No, the problem with Until They Sail is that it's all so bloodless and correct, and that can be laid squarely at the doorstep of the director. Perversely, I've always enjoyed Wise's efforts that either the critics or public (or both) hated; I'd watch The Hindenburg or The Andromeda Strain any day over West Side Story or The Sand Pebbles. And sprinkled throughout his long career are particular favorites I admire precisely because of the aesthetic precision he brings to them (Born to Kill, I Want to Live!, The Haunting). But he's the wrong director to get across the seething frustrations and unbridled war-torn passion of Until They Sail. This is "war," after all, and war is hell...but the sex was great according to everyone who had it legally or illicitly during the "Big One" (impending death will do that to you). But you'd never know it from Until They Sail.
I know this was 1957, and there was only so much they could do in an M-G-M sudser (it would have been dirtier over at Warner's), but couldn't someone at least move their body in an approximation of someone in heat? Wise has his actors standing around like waxwork dummies, never touching anyone, never raising alarm bells, while the actors pout and sulk in front of the camera. Of all the actors here, sexy little minx Piper Laurie at least gets the subtext of the piece; she's just about bursting from the tension of being restrained here, her palpable carnality cruelly subdued by Wise's geometrically precise framing and blocking (we'd find out how innocently sexual little hottie Sandra Dee would become...but not in this stiff). Newman is frosty as usual, but then he always froze up when it came time for big, emotional, sexual scenes, so we don't blame him for that (if there ever was a male sex symbol to be fantasized about from afar, at a distance―to be looked at merely for his startling beauty rather than to actually be touched― it was Newman). And Simmons rarely got to show that perverse lust behind that beautiful porcelain mask of a face, either (probably Preminger's Angel Face is the only real example).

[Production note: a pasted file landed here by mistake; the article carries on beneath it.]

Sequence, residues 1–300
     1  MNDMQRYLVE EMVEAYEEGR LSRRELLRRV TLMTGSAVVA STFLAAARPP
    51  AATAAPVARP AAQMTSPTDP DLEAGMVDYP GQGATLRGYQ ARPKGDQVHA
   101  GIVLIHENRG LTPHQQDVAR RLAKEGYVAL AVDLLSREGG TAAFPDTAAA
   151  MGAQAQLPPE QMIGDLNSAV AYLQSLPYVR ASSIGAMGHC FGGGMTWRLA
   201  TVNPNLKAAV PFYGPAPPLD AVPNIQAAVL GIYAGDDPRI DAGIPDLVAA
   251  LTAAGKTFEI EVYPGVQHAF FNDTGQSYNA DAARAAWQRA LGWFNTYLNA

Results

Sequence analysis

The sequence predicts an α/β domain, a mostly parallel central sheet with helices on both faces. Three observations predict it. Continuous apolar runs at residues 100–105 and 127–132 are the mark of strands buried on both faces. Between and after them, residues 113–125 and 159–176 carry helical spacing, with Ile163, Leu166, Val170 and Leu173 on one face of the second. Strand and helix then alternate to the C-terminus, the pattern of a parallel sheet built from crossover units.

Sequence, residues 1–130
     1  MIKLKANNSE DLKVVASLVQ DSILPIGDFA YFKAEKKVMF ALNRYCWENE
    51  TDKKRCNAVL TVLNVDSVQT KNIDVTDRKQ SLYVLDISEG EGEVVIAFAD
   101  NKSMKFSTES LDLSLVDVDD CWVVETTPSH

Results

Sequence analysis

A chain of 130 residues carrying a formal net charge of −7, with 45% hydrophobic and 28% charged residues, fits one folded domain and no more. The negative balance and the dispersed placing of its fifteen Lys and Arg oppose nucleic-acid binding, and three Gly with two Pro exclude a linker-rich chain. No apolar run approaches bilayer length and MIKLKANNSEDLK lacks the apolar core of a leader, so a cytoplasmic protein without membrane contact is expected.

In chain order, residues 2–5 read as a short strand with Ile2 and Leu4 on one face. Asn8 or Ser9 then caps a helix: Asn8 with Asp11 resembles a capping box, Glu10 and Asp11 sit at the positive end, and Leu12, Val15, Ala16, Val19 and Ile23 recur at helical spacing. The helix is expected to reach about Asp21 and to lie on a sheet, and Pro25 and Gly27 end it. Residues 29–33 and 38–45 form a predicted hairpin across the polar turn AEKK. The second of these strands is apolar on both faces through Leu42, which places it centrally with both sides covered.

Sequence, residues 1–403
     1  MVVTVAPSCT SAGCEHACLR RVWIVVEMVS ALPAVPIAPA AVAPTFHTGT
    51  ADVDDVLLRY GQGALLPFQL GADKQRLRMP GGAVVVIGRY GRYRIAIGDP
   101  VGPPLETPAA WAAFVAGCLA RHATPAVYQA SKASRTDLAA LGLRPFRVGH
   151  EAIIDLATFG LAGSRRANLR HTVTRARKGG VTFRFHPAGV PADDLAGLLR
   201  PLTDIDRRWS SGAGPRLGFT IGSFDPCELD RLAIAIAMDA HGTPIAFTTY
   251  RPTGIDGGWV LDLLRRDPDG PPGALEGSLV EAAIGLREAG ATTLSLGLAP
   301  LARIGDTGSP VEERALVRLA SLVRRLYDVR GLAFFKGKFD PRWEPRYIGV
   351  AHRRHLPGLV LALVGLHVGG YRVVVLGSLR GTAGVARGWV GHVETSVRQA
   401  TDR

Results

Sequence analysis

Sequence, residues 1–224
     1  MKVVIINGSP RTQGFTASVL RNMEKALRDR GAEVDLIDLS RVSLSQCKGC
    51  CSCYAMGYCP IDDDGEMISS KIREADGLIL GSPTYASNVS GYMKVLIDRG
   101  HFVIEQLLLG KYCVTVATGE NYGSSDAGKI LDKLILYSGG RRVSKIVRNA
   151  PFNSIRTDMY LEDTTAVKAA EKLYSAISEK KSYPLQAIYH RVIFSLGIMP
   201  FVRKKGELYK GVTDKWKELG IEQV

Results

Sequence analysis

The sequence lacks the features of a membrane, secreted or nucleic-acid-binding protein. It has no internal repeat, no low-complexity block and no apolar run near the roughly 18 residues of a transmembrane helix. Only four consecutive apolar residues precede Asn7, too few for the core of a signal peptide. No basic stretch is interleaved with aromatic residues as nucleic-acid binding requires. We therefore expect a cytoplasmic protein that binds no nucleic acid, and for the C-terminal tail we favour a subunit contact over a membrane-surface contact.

But neither of them are going to get any help from Wise, that's for sure. Wise was legendary for extreme preparation and for his orderly sets, but sometimes you gotta have a little chaos, a little inspiration and spontaneous improvisation to get at something more than just frozen bodies in a frame. Hitchcock could use mapped-out storyboarding techniques and a quiet, respectful set and turn it into a chilly, brilliantly cold personal aesthetic in his movies, but that same approach locks up Wise; he needs a crowbar to loosen up here (and the less said about poor, misused, glacial Fontaine the better; no wonder she was just a few short years from stuff like Voyage to the Bottom of the Sea). As I wrote above, Wise was too good a director not to have Until They Sail work on a basic level. Individual scenes pay off, such as Delia's memorably horrible wedding, complete with thunderstorm and Shiner's slobbering kiss, to the disgust of her sisters. But interesting thematic tangents are left dangling; the murder trial is a goofy, half-assed hook that only comes in at the last 10 minutes...and how about coming to some opinion on the morality―or lack, thereof―of Delia and Barbara and everyone else, instead of laying all options on the table...and then running away from it? Before you know it, Until They Sail is trudging from one static set-up to the next, as the war years roll on, with the horrors of conflict treated as nothing more than deliciously melodramatic and inconvenient obstacles to love...love that's decidedly bloodless here, and it all slips away from the cast and crew. Without the heat, who cares about the morality?
Paul Mavis is an internationally published film and television historian, a member of the Online Film Critics Society, and the author of The Espionage Filmography.